Layered in Love: Musings on Love's Palpability in Some Sahelian and West African Art Forms.
Artist(s)/Author(s): Genevieve Hyacinthe
Format: Book
Keywords: On Love
City Produced/Published: Copenhagen
Reference Number: ST.31156.HY
Location: Stacks
Acquisition Date: 5/16/2019
Copies: 1
Donated By: Anna Stahn

Longetti’s first series is On Love. The intention of this publication is to operate in the both simple and complex landscape of love, and to show different perspectives on a theme that is on everyone’s mind in some kind of way. Our three books in this series are about art forms that emanate with love, lost loved ones and about the anxious feeling when you are about to see your loved one. In our books you will find old loves, new loves, revolutionary lovers riding on a motorcycle, the love for detective novels and a bus driver who has devoted her life to the nobel act of riding lovers around.

Hyacinthe’s personal essay, Layered in Love: Musings on Love’s Palpability in Some Sahelian and West African Art Forms, muses on how some art forms can make the feeling of love palpable. Focusing on Seydou Keita’s Untitled (c. 1958), a photograph of a young woman and a suitor with a guitar, Henri Matisse’s La Musique (1939), and Sounou (2004), a series of still shots from a video depicting the Malian dance form Sounou, Hyacinthe explores how these works of art create a space that is ”warmed and secured like a tight hug from a lover.” She analyses the use of earth toned colors, musical instruments, interior design and patterns, the graininess of still photography, prayer mats and rugs, and the flirtatious movements of Malian dancers. Furthermore, her essay includes an analysis of the experimental Senegalese film Touki Bouki (1973) directed by Djibril Diop Mambéty – a romantic tale of two revolutionary lovers riding on a motorcycle.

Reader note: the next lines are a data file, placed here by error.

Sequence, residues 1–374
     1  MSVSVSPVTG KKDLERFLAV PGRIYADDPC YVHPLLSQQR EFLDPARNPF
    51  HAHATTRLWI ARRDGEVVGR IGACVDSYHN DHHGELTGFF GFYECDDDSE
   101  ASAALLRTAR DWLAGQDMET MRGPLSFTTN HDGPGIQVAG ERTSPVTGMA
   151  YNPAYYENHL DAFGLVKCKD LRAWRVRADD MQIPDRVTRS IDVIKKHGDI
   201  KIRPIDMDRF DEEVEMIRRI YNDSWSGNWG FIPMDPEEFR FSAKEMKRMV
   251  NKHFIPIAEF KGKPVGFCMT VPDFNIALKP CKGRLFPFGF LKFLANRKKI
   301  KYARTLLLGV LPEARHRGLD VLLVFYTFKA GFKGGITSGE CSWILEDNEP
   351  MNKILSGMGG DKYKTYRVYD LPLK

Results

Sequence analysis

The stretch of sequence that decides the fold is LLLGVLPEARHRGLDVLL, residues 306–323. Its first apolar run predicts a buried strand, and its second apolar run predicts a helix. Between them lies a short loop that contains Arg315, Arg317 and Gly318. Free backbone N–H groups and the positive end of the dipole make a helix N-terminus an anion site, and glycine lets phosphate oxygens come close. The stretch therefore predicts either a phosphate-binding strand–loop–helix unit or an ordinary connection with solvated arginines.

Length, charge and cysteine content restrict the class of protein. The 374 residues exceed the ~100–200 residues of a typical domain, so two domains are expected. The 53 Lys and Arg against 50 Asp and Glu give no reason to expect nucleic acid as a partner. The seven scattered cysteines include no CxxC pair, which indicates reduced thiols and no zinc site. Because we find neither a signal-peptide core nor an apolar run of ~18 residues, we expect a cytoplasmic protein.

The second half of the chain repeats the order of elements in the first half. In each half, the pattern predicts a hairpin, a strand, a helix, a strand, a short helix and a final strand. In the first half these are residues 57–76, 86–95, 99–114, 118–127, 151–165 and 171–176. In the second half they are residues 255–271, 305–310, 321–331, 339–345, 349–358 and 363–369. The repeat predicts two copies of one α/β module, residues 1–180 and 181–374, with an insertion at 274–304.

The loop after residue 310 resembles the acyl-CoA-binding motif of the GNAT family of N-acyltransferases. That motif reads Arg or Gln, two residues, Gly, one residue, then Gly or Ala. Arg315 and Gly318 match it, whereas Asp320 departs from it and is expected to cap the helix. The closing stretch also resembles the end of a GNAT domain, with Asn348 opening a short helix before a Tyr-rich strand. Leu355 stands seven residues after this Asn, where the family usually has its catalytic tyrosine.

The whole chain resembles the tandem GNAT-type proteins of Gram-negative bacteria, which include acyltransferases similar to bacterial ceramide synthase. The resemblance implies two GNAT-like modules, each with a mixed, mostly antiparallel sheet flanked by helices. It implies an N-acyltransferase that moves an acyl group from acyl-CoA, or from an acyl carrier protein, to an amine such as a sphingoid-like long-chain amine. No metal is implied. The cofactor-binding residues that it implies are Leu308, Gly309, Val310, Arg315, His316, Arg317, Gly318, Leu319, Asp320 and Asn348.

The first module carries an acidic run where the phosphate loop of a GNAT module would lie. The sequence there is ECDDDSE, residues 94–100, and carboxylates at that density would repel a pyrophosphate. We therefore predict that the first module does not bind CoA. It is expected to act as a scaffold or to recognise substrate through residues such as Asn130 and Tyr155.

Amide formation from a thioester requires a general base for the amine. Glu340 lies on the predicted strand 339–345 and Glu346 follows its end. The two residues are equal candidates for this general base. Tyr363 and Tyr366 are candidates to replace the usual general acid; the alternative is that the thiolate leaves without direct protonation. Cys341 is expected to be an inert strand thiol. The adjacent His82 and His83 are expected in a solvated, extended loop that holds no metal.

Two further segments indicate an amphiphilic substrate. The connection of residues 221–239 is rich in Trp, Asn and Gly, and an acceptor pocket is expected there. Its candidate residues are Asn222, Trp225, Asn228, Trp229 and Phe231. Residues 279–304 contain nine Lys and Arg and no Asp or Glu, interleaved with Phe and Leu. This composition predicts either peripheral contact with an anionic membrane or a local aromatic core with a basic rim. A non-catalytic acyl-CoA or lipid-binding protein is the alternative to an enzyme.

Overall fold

Genevieve Hyacinthe writes about modern and contemporary art and visual culture. She is an MFA Fine Arts faculty member at School of Visual Arts and in Parsons School of Design’s School of Art, Media, and Technology Program, both in Manhattan. Her PhD is in History of Art and Architecture (Harvard), and she has been studying and performing West African and Caribbean dance and drum forms around the world since 2001. Her book, Radical Virtuosity: Ana Mendieta and the Black Atlantic (Cambridge, Massachusetts: MIT Press), will be released in Fall 2019. Hyacinthe’s beloved dog, Kingston, is her constant writing companion.


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